Color, 1971, 99m.
Directed by Duccio Tessari
Starring Helmut Berger, Giancarlo Sbragia, Evelyn Stewart, Silvano Tranquilli, Wendy D'Olive, Giancarlo Sbragia, Carole André
Arrow (Blu-ray & DVD) (US RA/RB HD/NTSC), Medusa (Italy R2 PAL), Divisa (Spain R2 PAL)
The early '70s was easily the most ridiculously overstuffed period in the history of the Italian thrillers known as the giallo, with a new title popping up every week of two well into 1972. It was inevitable that a few worthy films would get lost in the shuffle, and to an extent that was the fate of The Bloodstained Butterfly, an intriguing mixture of slasher shocker, courtroom thriller, and cop procedural. The title might indicate this is an imitation of Dario Argento's legendary animal trilogy, but if anything it's a throwback to the bourgeois gialli of the late '60s with a more grounded plot and relatively realistic characters stuck in a mystery that seems to have no solution... until it suddenly does. Director Duccio Tessari is far better known for his spaghetti westerns and action films (including the two Ringo oaters), but he turns out to be pretty proficient at gialli as well thanks to this film, 1970's Death Occurred Last Night, and the wonderful, very underrated Puzzle from 1974.
When a young woman is brutally knifed in a park, it turns out to be just the beginning of a string of attacks in the area. The victim, Françoise (André), was close to pianist Giorgio (Berger), with their relationship conveyed in stylized flashbacks. The evidence from witnesses at the scene seems to indicate the culprit is sportscaster Alessandro (Sbragia), whose daughter, Sarah (D'Olive), gets to know Giorgio and becomes a key part of the impending trial. Once everyone gets to the courtroom, Alessandro's wife, Maria (Stewart), turns out to have an axe to grind of her own, and it seems likely the most obvious suspect will remain behind bars... until the killer strikes again.
Complex and engrossing, this film features a number of novel ideas including an unusual time-jumping structure, a very stylish opening credit sequence (followed by handy intros to each character), and a killer of a jazzy, funky soundtrack from the great Gianni Ferrio that weaves the same Tchaikovsky piece from the previous year's Weekend Murders to very different effect. Top-billed Berger actually sits out large portions of the film, though what he has is absolutely essential; along with that you get a few familiar faces including the busy Evelyn Stewart (who made this in between The Case of the Scorpion's Tail and Knife of Ice) and a fun role for Silvano Tranquilli (Black Belly of the Tarantula) as a java-obsessed police inspector.
Presumably because it was far less explicit than its peers (the opening knife murder is about as bad as it gets), this Italian production was never released in North American theaters and made the usual rounds in Europe. Very bad VHS dupes eventually surfaced on the gray market and slowly earned the film a bit of a following among Euro horror fans, though its original scope framing couldn't really be appreciated until it popped up on DVD in Spain in 2003 (non-anamorphic) with the English dub and on DVD in Italy in 2004 (anamorphic and much improved, but minus English options). However, those are handily eclipsed by the 2016 dual-format Blu-ray and DVD edition from Arrow Video released simultaneously in the United States and United Kingdom. Colors are much stronger, detail is far more defined and impressive throughout, and some additional info is visible on the top and bottom of the frame. (Here's a sample from the Italian DVD for comparison.) The DTS-HD MA English and Italian tracks are included with optional SDH ones for the former and newly translated ones for the latter. The English track fits some of the actors' lip movements more often, but the Italian track is much more elegant and easy to follow; try them both and see which one you prefer.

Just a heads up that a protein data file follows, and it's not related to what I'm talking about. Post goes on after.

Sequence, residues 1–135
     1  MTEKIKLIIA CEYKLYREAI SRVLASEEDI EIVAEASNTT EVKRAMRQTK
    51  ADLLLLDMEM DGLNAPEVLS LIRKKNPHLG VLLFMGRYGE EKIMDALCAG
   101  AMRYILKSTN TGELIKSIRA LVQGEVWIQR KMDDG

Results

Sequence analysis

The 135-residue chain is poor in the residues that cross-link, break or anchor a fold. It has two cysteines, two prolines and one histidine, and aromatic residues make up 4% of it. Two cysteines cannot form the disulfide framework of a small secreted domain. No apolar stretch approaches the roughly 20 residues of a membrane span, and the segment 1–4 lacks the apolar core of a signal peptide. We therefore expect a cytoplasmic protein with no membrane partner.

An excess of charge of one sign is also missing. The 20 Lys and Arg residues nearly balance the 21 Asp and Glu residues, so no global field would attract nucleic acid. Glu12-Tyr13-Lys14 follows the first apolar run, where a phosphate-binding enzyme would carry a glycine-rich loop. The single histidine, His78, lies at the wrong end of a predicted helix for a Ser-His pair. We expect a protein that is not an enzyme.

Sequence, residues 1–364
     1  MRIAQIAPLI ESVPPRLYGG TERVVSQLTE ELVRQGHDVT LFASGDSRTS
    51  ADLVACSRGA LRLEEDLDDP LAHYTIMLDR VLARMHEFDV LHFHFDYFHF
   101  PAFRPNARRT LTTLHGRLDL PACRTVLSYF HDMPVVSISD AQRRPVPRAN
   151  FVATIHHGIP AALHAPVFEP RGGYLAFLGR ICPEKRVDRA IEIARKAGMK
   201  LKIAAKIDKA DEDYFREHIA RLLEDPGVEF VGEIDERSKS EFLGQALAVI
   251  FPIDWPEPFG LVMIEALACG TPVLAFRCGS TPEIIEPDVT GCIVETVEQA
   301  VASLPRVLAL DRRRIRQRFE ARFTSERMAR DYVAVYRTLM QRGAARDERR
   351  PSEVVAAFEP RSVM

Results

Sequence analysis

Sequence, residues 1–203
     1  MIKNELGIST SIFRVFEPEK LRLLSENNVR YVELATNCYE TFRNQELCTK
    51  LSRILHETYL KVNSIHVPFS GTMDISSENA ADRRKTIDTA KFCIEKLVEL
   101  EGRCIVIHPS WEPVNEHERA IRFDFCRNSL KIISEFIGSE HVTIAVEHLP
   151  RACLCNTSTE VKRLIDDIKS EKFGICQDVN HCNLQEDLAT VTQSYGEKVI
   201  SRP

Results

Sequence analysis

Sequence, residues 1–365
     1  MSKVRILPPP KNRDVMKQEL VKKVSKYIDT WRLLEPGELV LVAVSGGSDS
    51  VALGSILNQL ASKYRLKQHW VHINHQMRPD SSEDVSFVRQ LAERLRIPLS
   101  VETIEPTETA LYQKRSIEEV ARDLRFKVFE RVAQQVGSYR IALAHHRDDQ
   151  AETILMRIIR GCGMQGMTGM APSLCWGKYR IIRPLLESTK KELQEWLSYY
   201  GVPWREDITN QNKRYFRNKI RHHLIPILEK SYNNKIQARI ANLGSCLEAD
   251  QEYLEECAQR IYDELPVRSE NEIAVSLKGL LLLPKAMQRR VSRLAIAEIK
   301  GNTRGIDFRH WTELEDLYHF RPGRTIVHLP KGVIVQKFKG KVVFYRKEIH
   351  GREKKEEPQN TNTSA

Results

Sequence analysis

The usual giallo and horror commentary team of Alan Jones and Kim Newman returns here for another amusing and fact-packed track as they explore why they love this film so much for how it tweaks the conventions of what was still a fairly new cinematic craze sweeping Italy. They spend quite a bit of time talking about Tessari's directorial style (and his fondness for carnations as well as his cameo here), with good info about the rest of the cast and crew as well. The 26-minute "Murder in B-Flat Minor" contains a fast-paced and enjoyable verbal essay about the film accompanied by clips and stills courtesy of Troy Howarth, who mainly focuses on Tessari's work in and out of the giallo and points out how he deserves to be remembered more among film buffs. He also makes a case for how this film's emotional impact and visual style counteracts the deliberate absence of the usual tropes like black-gloved killers and topless women, while also pointing out the amusing touch of a yellow-clad child as a pivotal suspect. The surprisingly robust, 55-minute Freak-o-Rama featurette "A Butterfly Named Evelyn" features an interview with the fascinating Evelyn Stewart (real name: Ida Galli) chatting in Italian with English subtitles about her entire career from childhood through her slew of gialli for directors like Lucio Fulci ("a happy man" but "quite demanding") and Umberto Lenzi (a good friend, but "strict") as well as roles in films like La Dolce Vita and The Leopard, noting that she very rarely had to audition and rarely saw her own films since she was always bouncing from one set to another. Definitely worth watching, especially for giallo junkies who always wanted to know more about one of its most familiar faces. Be sure to catch the funny story about how she and Fulci accidentally messed up one of the scenes from The Psychic, too. In "Me and Duccio," his wife, actress Lorella De Luca, spends 8 minutes recalling her rapport with him in their work together as he progressed from a screenwriter and a first assistant director. By far the most memorable extra here is Uwe Huber's hilariously candid and sometimes bitchy Helmut Berger interview, "Mad Dog Helmut" (17 mins.), in which the Euro cinema icon touches on his horror and exploitation work (with only one passing bit about Visconti) including Salon Kitty, his refusal to star in Caligula, and a very quotable bit about Dorian Gray and his two Hollywood-bred fellow stars on that film. Berger doesn't seem all that enamored of Tessari (calling him a craftsman instead of an artist), but as he also notes in an optional intro to the feature itself, they all gave it their best. Also included are a gallery of stills and posters and the rare Italian and English theatrical trailers (which are cut identically). The usual reversible sleeve options contain the Italian poster art and a new design by Matthew Griffin, while the first pressing also has a booklet with essays by James Blackford, Howard Hughes and Leonard Jacobs.